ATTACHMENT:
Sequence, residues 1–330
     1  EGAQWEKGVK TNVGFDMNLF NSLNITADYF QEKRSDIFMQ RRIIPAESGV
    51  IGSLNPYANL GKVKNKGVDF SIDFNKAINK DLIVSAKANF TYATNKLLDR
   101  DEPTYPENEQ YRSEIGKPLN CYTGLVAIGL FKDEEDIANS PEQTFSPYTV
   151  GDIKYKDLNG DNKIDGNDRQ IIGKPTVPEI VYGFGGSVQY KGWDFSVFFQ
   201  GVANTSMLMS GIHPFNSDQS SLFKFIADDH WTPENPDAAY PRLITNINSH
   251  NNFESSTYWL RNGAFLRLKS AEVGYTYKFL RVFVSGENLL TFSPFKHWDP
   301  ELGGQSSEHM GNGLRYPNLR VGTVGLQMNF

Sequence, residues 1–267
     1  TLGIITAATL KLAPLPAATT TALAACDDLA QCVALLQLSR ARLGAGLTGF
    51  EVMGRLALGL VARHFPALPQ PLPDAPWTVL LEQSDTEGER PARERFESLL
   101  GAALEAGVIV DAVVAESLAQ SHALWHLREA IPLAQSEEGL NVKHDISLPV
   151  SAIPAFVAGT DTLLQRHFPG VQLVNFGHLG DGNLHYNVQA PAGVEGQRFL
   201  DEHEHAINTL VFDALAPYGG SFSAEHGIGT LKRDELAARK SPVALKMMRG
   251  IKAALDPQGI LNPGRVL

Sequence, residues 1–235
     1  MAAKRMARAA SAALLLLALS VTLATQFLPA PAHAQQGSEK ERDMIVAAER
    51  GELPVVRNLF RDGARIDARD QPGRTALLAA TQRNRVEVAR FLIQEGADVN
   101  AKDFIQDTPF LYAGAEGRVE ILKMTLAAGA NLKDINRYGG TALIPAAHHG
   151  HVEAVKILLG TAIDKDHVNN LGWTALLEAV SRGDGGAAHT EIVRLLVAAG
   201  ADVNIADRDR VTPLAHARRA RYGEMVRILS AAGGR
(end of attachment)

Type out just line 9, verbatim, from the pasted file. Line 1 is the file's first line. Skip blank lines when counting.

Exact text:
Sequence, residues 1–267